Tuesday, August 20, 2013

Bootstraps – “Bootstraps”


Fans of Ray LaMontagne and other road-ready, pensive music take note. You may want to add Bootstraps to your collection. I discovered Bootstraps the way most people did: by streaming the ultimately forgettable movie “Take Me Home” on Netflix Instant. I’ve already forgotten about the movie, but the music has stuck with me. Bootstraps was formed specifically for that movie, in fact, but I hope they’ll remain on the music scene.

The music is paced well and propels forward as if it was specifically designed for night driving or solo drives with just you and your thoughts. The centerpiece is “Fortyfive”, backed well by a swelling undercurrent of piano, drums, guitar, and light keyboard. “Sleeping Giant” and the rousing “OH CA” and “Wild Moan” add to a very solid debut album from a band that may have never been meant to be a band. Give them a listen below.

Sunday, August 18, 2013

Daft Punk – “Random Access Memories”


I admit I feel unqualified to review Daft Punk, seeing that I never owned any previous albums, and mostly knew of them because I loved LCD Soundsystem’s “Daft Punk is Playing at My House”, and sure, of course I own “One More Time”. They are held as legends in their field, and their name carries overzealous passions and criticisms. Just look at the range and ferocity of their Amazon ratings. So take this review for what it is: it’s the opinion of an alt rock and indie music fan, whose tastes are well-documented. If you trust me and my tastes, and also don’t know much about Daft Punk, this is probably for you.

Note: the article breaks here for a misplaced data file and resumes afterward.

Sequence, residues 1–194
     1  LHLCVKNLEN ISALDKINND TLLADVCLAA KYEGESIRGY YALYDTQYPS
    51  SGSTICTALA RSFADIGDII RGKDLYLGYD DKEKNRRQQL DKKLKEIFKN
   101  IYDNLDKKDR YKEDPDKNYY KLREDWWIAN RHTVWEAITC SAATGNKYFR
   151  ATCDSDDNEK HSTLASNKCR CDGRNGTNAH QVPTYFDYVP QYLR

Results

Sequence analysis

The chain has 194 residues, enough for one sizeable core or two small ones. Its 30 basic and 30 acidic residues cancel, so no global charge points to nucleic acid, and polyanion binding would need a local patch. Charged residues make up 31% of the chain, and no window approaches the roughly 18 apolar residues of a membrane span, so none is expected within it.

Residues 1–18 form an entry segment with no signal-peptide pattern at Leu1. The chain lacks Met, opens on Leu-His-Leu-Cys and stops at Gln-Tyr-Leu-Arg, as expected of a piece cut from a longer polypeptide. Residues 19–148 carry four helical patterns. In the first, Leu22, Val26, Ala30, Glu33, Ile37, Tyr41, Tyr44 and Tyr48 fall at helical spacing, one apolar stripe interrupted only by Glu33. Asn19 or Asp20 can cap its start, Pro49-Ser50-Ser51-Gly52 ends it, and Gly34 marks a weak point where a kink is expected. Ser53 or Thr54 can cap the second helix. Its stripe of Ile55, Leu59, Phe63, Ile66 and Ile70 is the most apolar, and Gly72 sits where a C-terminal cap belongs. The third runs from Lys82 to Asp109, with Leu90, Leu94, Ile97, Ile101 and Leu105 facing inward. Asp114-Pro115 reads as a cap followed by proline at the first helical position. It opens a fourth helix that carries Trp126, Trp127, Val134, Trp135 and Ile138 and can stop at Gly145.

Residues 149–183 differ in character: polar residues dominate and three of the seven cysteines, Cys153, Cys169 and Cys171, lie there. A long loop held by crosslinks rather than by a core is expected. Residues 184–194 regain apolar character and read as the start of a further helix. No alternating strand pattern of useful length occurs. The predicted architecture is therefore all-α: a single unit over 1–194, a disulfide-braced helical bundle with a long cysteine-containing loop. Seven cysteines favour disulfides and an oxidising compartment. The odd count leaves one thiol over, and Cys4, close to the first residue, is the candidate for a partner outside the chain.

I never intended to buy this album, but I’m glad I did. I have been under the impression that Daft Punk make dance music, and debut single “Get Lucky”, infectious as it is, gave me the same impression. It’s funk groove was amazing. It’s impossible not to dance to. But it’s also not really my thing. Fun to own as a single, fun to play at the right moment, but did I want the whole album? Surely not.

Why did I change my mind? My wife played “Doin’ It Right”, a track that features Derek-approved Panda Bear, aka the part of Animal Collective that I like. The track starts with computerized voices prominently found in Daft Punk, building over a beat track. About a minute in, Panda Bear kicks in, channeling vocals reminiscent of great Beach Boys tracks. Noah Lennox, the name behind Panda Bear, has always channeled that uncanny Brian Wilson-vibe, but put over top of Daft Punk musical styling, you have one of the year’s best track.

Despite the variety in styles here, there’s some clear emotion at place, and tracks like “Within” easily get under your skin. Accompanied by some perfect classical piano and keyboard, a sad, robotic voice admits “there are so many things that I don’t understand…”. “Touch” is even more symphonic, stirring to great heights at the end of it’s 8 minute strings-meet-space age journey. Another top track—unsurprisingly to me—features Julian Casablancas of The Strokes fame. It’s the alt rock-iest number.

There are plenty of musical and dance tracks as well, too. I’m sure that there are segments of fans that will find plenty to love about “Give Life Back to Music”, “Contact”, and “Motherboard”. There’s also something distinctly alluring about “Giorgio by Moroder”, a track that essentially doubles as a riveting story of Italian record producer Giorgio Moroder’s development as a musician.